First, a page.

The Middle East Is Watching Events in Afghanistan Very Closely

The Middle East Is Watching Events in Afghanistan Very Closely
President Joe Biden, right, meets with former Afghan President Ashraf Ghani, left, in the Oval Office of the White House in Washington, June 25, 2021 (AP photo by Susan Walsh).

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The return of Taliban rule to Afghanistan 20 years after the group’s ouster by a U.S.-led coalition came as a great shock, first and foremost to the Afghan population. Its many flaws notwithstanding, the now-dissolved, Western-backed Afghan central government allowed Afghans to live under a considerably less repressive system than that imposed by the Taliban the last time they were in power.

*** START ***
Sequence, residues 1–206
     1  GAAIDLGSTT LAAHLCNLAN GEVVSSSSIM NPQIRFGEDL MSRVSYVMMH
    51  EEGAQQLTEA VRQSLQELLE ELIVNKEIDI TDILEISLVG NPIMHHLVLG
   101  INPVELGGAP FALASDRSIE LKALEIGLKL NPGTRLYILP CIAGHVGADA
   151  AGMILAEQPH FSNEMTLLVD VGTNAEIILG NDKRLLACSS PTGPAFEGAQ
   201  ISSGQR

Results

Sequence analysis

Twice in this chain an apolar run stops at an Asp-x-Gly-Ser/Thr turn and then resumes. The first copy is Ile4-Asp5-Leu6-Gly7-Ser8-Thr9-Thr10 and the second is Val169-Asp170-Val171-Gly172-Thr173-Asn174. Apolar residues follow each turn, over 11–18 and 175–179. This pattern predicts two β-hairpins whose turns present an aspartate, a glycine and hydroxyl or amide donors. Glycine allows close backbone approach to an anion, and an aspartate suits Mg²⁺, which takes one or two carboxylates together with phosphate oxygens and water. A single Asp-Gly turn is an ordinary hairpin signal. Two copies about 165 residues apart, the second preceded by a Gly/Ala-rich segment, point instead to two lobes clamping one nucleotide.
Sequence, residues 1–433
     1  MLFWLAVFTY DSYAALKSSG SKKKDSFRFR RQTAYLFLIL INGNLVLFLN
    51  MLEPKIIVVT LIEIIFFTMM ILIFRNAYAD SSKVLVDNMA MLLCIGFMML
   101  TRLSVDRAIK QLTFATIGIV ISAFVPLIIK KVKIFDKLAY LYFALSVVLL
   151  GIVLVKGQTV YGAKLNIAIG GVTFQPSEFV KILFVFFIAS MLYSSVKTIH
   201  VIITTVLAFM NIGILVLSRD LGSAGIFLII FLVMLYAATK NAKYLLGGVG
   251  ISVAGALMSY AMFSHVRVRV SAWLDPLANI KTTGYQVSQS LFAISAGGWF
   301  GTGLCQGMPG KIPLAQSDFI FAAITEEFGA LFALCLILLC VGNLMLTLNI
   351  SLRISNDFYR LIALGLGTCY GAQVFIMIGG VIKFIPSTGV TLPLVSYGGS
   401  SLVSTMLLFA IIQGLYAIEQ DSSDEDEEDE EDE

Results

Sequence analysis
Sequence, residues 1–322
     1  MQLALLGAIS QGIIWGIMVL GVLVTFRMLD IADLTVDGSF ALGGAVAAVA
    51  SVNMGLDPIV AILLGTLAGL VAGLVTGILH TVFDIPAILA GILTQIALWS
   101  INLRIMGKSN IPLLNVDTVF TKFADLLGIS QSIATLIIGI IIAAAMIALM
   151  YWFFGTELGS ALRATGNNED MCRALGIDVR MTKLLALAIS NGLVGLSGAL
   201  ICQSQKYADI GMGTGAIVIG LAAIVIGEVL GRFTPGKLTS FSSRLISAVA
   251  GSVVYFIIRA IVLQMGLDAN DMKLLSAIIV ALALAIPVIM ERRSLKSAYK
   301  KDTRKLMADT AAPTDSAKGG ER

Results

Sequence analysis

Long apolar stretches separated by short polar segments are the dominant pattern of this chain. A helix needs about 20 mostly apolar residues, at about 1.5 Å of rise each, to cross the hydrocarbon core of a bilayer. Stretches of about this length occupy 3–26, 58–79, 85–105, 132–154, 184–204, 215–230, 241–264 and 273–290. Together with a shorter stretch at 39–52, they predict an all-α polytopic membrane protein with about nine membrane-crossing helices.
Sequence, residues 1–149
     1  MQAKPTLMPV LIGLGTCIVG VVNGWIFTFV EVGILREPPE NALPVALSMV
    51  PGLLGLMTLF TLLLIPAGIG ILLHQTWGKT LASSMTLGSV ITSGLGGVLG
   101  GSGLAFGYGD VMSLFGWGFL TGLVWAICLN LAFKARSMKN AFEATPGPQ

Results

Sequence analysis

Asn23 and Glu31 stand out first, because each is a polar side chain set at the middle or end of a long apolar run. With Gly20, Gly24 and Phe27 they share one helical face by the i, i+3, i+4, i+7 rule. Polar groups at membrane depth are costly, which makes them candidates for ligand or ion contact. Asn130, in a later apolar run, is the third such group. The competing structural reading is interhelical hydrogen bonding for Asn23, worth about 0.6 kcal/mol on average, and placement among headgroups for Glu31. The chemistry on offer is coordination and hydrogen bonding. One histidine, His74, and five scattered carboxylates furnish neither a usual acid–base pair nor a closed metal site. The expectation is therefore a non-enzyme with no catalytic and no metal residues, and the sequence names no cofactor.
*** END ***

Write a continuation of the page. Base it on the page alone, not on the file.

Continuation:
But the rapid consolidation of Taliban control over Afghanistan will have wider reverberations, not only in the Central Asian region, but across the Middle East as well. Arab states, some with friendly ties to both the Taliban and the United States, will be weighing up the extent to which they can rely on Washington for support and survival. And a multitude of armed groups, including militias, rebel groups and other non-state actors, might take inspiration from the Taliban’s apparent victory.

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